Technology Limited tools are available to monitor and report risk, security, and compliance information. Defined and communicated auditing and monitoring exist/are signed off by all business units, with manual ad-hoc auditing.
Technical Management Tools People Individual service consumers or LOBs control management tool selection. Deployed internal and CSP  management tools, including some integrations that provide a hybrid IT view of some services.
Processes Some pre-production support teams are leveraging CSP-provided management tools. CSP-provided management tools are integrated with internal support management tools, including end-to-end real-time service monitoring.
Technology Simple monitoring is provided, but contained to those services running within the cloud platform.  All CSP offerings include service dashboards with measured KPIs, including real-time end-to-end monitoring and reporting for each cloud service. Monitoring spans across cloud platforms.
Technical IT Architecture People Based on personal interest, certain architects have some cloud knowledge. All of the architects share a common framework and associated training regarding the enterprise approach to leveraging cloud services.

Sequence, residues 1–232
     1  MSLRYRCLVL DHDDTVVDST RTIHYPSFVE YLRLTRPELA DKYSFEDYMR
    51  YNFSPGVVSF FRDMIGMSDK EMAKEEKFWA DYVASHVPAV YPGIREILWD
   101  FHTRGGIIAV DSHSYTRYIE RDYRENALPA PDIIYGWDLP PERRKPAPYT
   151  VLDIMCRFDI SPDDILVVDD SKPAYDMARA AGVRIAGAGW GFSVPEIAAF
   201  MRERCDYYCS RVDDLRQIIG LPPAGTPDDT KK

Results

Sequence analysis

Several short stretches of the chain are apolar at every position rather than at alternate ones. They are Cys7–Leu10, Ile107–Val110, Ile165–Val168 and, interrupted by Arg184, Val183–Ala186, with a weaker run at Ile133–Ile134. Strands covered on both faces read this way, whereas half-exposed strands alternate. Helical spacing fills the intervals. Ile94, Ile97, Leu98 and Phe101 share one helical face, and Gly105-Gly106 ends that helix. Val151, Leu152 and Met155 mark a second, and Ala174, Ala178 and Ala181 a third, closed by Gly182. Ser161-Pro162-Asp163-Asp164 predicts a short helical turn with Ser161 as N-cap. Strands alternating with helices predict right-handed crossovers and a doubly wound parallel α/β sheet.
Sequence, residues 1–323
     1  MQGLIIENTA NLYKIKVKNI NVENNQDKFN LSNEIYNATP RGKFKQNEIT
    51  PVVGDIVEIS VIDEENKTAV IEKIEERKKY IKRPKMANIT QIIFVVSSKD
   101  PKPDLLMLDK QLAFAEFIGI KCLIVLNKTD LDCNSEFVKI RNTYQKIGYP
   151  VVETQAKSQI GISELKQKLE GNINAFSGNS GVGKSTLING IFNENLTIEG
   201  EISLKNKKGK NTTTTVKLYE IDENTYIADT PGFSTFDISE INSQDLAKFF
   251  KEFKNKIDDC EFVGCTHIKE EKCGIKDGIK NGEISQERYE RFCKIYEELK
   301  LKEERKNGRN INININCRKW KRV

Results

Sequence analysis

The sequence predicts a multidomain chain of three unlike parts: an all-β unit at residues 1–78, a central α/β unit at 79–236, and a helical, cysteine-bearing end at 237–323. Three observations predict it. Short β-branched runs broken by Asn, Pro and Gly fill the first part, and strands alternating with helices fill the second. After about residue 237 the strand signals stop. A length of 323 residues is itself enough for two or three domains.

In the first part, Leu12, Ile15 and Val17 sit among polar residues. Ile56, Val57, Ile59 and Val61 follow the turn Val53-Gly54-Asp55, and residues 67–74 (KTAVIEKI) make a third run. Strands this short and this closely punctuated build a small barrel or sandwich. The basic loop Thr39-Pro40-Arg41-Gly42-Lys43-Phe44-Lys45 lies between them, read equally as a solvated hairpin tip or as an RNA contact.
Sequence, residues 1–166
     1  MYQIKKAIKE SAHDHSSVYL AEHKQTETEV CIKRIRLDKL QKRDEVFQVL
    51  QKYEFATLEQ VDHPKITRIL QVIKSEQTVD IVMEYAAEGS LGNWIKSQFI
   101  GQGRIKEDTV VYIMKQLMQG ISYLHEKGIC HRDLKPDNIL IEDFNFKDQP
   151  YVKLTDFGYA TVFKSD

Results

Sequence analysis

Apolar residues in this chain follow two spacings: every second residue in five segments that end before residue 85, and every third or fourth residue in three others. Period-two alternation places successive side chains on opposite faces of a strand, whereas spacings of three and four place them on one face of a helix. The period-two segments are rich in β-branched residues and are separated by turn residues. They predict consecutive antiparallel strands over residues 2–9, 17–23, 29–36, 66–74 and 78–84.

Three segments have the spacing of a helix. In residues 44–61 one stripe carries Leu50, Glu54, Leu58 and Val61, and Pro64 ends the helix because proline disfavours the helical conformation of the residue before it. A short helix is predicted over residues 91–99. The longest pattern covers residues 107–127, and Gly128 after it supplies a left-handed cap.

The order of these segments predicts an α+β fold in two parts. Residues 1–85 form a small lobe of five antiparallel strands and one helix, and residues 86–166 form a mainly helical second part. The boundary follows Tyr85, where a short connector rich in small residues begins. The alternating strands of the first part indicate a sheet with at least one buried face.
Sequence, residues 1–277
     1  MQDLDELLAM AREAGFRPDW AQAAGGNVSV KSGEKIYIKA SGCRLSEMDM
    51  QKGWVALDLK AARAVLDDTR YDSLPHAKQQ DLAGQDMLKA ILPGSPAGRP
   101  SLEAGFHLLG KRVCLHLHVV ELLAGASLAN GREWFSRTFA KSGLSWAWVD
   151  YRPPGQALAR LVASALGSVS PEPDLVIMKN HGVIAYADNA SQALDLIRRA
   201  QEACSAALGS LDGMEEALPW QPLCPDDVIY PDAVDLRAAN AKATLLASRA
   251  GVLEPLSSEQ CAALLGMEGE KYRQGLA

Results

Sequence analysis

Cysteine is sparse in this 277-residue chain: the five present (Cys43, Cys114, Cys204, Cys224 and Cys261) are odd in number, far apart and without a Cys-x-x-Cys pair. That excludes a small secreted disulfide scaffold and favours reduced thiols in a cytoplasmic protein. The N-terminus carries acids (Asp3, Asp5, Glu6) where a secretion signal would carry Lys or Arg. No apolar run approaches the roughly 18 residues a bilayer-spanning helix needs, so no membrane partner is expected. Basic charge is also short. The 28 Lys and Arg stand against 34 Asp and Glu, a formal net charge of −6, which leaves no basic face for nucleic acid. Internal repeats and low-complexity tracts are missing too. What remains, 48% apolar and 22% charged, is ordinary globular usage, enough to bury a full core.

Processes Cloud-based solution design is pursued at times, but not consistently. When carried out, cloud architecture is addressed differently by different teams.  Solution teams consistently create architectural documentation for cloud solutions. A centralized or federated collection of standard cloud architecture templates and processes are available. Teams consistently start solution design from the core architecture processes and artifacts.
Technology Teams develop cloud building blocks on an ad-hoc basis. When used, building blocks are manually developed/ integrated via the portal of the cloud service solution.

RESTful APIs are a standard IT management methodology. The end user can use the interfaces without knowing of their existence.